Why Dr. Henning Ansorg Doesn’t Blink

Santa Barbara’s Public Health Officer Calls ’Em as He Sees ’Em

Santa Barbara County Public Health Officer Dr. Henning Ansorg, County Supervisor Peter Adam, and County Supervisor Gregg Hart | Credit: Daniel Dreifuss and Paul Wellman File Photos

Would you rather be eaten by a lion or a tiger? Swallowed by a python or squeezed to death by a boa constrictor? These are the sort of hypothetical questions that bugged the crap out of me even as a kid. But now, there’s nothing remotely hypothetical about them. These are the choices that confront us even as we shut our eyes or reach for another drink. For Santa Barbara’s county supervisors ​— ​and pretty much all elected officials ​— ​it has become the only question. How much can we open up our economy without putting ourselves in grave peril?

There are no good answers, only bad and worse. That was the takeaway from Dr. Anthony Fauci’s testimony in front of the Senate yesterday even as doubters and skeptics like Kentucky’s Rand Paul ​— ​the floridly contrarian libertarian ​— ​sought to pin the nation’s most trusted health advisor’s ears back. It would take a lot more than Rand and his curly locks to flush Fauci, who squarely contradicted his boss, Donald Trump, making it very clear that, no, we absolutely do not have a handle on this thing, and we risk a massively lethal backlash if we move too quickly to the turn the lights back on. To the extent there’s anyone left in Las Vegas, the only action now is how long will it take for Trump to fire Fauci.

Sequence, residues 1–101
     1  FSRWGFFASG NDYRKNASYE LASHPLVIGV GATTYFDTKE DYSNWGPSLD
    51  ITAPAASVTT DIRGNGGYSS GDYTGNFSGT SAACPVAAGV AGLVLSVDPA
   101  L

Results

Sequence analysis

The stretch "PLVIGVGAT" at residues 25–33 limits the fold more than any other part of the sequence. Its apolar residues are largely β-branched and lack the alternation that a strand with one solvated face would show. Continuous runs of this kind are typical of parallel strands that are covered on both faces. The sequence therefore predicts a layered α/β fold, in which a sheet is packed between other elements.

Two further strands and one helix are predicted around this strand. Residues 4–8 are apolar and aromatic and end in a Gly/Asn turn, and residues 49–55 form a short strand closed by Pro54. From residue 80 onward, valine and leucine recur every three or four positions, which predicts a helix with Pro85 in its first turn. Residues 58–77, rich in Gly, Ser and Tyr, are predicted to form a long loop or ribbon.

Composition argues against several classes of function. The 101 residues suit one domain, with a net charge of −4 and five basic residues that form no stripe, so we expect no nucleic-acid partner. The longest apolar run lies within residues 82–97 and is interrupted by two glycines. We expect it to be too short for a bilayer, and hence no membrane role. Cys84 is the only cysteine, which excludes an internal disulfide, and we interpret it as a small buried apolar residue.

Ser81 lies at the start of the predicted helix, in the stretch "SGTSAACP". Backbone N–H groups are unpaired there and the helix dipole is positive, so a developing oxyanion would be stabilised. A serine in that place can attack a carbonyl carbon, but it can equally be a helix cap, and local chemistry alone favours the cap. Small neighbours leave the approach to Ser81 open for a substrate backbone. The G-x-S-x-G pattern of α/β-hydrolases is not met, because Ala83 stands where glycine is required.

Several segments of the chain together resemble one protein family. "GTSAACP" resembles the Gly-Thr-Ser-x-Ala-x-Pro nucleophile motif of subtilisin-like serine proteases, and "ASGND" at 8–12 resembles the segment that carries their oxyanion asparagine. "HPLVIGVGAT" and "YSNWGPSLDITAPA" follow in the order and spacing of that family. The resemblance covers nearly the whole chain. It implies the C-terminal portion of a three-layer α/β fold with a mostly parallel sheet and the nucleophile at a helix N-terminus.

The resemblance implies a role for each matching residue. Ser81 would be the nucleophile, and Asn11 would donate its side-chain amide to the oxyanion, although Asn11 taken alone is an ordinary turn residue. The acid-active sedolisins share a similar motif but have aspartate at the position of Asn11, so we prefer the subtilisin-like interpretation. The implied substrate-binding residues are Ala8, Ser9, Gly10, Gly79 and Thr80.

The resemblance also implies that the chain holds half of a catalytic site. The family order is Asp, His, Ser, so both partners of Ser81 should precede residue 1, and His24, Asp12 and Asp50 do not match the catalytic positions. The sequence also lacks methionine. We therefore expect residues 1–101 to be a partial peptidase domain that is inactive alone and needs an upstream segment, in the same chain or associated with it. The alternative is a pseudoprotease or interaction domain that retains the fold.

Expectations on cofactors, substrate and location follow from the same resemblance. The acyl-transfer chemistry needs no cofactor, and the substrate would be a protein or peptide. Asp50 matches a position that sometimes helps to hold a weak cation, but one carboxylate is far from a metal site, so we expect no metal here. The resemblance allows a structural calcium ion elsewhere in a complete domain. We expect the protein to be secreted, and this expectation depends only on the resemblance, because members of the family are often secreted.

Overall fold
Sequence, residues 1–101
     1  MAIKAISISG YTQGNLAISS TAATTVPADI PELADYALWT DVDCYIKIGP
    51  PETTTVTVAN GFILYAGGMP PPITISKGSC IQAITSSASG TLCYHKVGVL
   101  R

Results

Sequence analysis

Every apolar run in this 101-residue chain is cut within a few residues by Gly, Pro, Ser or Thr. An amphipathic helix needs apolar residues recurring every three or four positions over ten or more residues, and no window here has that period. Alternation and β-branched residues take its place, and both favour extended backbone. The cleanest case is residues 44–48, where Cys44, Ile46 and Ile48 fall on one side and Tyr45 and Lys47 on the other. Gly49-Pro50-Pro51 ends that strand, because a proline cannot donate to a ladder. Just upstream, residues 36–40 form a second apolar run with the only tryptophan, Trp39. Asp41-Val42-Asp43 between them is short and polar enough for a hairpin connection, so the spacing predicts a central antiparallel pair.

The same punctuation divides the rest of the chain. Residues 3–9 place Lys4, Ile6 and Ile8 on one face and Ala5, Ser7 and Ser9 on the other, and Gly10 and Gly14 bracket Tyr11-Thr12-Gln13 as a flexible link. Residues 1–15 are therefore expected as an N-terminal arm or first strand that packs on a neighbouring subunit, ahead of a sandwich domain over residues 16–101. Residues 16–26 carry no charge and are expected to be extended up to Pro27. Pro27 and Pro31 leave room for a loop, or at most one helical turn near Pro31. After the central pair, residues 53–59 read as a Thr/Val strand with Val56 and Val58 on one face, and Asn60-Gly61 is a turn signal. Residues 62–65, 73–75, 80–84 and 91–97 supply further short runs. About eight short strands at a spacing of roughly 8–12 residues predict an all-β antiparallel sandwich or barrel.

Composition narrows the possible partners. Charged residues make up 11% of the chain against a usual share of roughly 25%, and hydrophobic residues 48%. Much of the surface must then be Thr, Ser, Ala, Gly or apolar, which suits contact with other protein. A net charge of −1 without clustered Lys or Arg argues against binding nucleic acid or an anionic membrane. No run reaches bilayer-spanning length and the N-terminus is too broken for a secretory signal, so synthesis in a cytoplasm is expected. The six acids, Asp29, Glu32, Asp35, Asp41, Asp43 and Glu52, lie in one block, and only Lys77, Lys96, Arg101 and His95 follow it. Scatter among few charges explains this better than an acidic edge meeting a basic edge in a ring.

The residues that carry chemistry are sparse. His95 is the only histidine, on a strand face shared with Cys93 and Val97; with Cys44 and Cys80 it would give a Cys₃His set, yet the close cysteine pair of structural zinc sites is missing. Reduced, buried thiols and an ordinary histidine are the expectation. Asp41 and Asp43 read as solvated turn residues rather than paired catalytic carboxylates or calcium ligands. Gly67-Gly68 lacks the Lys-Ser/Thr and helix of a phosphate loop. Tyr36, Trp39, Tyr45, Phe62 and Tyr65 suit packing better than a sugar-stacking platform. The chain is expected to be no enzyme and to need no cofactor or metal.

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In Santa Barbara, we have no Fauci. We have instead Dr. Henning Ansorg, a relatively recent arrival to Santa Barbara now just a year into his new gig as public health officer, a weirdly obscure but exceptionally powerful position akin to being both doctor and sheriff. Where Fauci radiates both twinkle and gravitas, Ansorg is solid and stolid. He doesn’t smile. He doesn’t ingratiate. He speaks haltingly and carefully with a slight but pronounced German accent. His bedside manner isn’t so much bad as it is nonexistent. To the extent Ansorg radiates anything, it’s a combination of duty and doom. 

In other words, he’s exactly who you want calling balls and strikes.

About the same time Rand Paul was telling Fauci he did not think he was the “end-all,” County Supervisor Peter Adam ​— ​another contrarian libertarian ​— ​was similarly attempting to take Ansorg to task. To the extent Adam’s concerns were decipherable, he was suggesting county health officials had cooked the books to make COVID appear worse than it actually was by counting flu deaths as COVID deaths. Adam found it suspicious that flu deaths would cease completely at exactly the same time county records started recording COVID cases. Couldn’t some of what’s been blamed on COVID, he seemed to wonder, actually have been caused by the flu?